Hydrogen has been widely recognized as an energy source to replace fossil fuel due to its environmental friendly element and renewable properties. However, it also has disadvantages such as a wide range of flammability (4 ~ 75%), low minimum ignition energy (0.2mJ), etc. So, there have been studies to prevent explosions by creating ventilation systems which focus on effectively releasing leaked hydrogen gas. Despite hours of ventilation, several experimental results show the concentration still being maintained higher than 4%. Therefore, it is necessary to consider the countermeasures to minimize damage when explosion actually occurs due to the incomplete effect of ventilation. In this study, the FLACS Computational Fluid Dynamics(CFD) program was used to verify the reduced damage when the Explosion Venting Panel(EVP), which discharges overpressure and unburned gas, is applied in comparison to the enclosed hydrogen facilities that can give the biggest damage. The model was designed based on the test bed created with the same specifications as the low-pressure hydrogen facilities built in Ulsan, Korea. Until now, existing EVP studies attempted to prove how well their models fit with the actual experiments. However, those studies did not show the level of damage caused by overpressure. So, this study aims to provide a concrete numerical value of the damage caused by the explosion and to express damaging levels this value can cause. First, the size, number, and location of the EVP are selected to find the optimal placement. Second, scenarios are chosen according to the Korea Occupational Safety and Health Agency(KOSHA) guide. They are then, simulated based on the first criterion. Lastly, the installation distance of the blast wall is suggested in consideration of the damage to the surrounding facilities. As a result, with the frequently occurring accident case, the measured overpressure in the EVP applied case was 35% lower than that of the enclosed hydrogen facilities. In addition, the pressure measured less than 0.069 barg, a safely considered measure in all methods applied in the first criterion, proving the installation of the EVP as an effective solution. However, in the worst case, even with the installation of the EVP, the overpressure over the 0.069 barg was measured up to a 5m radius to the low-pressure hydrogen facilities. Therefore, it was confirmed that installation of blast wall was necessary as a mitigation plan. In conclusion, with the occurrence of hydrogen explosion, EVP applied resulted in lower overpressure than that of the enclosed hydrogen facilities. This study provides concrete numerical values for both the overpressure and the damage distance caused by the explosion. It also suggests an alternative to minimizing the damage, which is expected to be important reference when applying EVP and building a blast wall in various hydrogen related facilities.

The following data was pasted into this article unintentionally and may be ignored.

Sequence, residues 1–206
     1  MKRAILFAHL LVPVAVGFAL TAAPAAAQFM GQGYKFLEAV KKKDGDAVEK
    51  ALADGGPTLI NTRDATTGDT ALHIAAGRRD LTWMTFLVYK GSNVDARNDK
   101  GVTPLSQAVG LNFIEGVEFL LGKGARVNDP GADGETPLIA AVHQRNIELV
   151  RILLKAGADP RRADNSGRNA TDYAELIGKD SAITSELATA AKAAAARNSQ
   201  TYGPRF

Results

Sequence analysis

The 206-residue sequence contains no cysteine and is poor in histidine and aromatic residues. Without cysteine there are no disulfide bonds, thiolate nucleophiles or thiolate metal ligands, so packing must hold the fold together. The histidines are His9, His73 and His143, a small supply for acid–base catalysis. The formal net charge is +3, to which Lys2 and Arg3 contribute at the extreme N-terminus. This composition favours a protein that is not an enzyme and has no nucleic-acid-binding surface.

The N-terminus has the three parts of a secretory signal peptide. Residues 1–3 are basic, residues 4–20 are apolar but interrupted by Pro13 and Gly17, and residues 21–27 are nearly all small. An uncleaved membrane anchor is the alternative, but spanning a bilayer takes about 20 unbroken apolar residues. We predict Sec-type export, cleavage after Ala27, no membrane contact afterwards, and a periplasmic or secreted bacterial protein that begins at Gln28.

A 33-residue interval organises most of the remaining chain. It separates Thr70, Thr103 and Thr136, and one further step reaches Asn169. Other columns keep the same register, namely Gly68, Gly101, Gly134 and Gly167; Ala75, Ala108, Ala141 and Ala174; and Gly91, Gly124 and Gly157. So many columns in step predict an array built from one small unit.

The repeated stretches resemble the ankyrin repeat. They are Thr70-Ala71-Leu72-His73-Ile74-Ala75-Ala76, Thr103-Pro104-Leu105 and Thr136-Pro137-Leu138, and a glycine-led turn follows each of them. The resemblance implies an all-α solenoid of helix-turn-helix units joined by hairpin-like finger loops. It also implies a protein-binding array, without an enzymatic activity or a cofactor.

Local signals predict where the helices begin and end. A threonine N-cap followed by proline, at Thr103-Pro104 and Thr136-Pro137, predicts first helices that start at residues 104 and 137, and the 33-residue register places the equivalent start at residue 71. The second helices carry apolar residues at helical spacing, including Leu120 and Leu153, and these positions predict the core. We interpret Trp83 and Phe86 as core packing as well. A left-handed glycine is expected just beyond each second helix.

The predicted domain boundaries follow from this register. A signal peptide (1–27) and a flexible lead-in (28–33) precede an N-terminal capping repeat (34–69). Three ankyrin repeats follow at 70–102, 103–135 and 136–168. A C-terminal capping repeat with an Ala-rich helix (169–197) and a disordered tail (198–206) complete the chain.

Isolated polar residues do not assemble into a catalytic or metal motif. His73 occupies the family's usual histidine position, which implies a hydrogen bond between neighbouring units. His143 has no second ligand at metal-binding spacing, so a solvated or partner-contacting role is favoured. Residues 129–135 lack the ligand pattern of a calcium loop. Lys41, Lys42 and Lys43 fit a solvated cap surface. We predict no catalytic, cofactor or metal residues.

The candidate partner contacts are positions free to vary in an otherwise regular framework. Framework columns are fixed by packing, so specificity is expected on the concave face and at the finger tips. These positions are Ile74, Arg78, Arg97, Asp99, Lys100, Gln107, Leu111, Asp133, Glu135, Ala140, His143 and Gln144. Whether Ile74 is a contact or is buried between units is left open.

|Title of host publication||Computer Aided Chemical Engineering|
|Editors||Anton Friedl, Jiří J. Klemeš, Stefan Radl, Petar S. Varbanov, Thomas Wallek|
|Number of pages||6|
|Publication status||Published - 2018 Jan 1|
|Name||Computer Aided Chemical Engineering|
Bibliographical notePublisher Copyright:
© 2018 Elsevier B.V.
All Science Journal Classification (ASJC) codes
- Chemical Engineering(all)
- Computer Science Applications